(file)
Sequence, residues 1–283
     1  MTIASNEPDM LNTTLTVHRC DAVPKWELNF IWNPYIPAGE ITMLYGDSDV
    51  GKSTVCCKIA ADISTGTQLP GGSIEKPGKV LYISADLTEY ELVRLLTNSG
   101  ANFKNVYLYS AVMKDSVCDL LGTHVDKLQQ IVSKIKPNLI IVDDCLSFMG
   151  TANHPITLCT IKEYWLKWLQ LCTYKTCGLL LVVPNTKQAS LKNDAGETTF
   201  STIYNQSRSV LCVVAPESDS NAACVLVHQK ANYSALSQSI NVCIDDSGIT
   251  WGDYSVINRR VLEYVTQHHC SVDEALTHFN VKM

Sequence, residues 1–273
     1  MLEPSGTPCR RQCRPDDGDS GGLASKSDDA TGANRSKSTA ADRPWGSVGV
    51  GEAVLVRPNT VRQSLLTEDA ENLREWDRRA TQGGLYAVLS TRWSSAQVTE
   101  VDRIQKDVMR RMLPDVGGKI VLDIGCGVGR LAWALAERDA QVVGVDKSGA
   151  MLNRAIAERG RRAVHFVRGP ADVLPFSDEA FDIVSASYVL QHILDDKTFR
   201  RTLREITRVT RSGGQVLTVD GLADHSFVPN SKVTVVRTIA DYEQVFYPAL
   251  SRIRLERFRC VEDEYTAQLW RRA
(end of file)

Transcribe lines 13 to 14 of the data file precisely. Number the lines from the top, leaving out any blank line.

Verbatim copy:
   201  RTLREITRVT RSGGQVLTVD GLADHSFVPN SKVTVVRTIA DYEQVFYPAL
   251  SRIRLERFRC VEDEYTAQLW RRA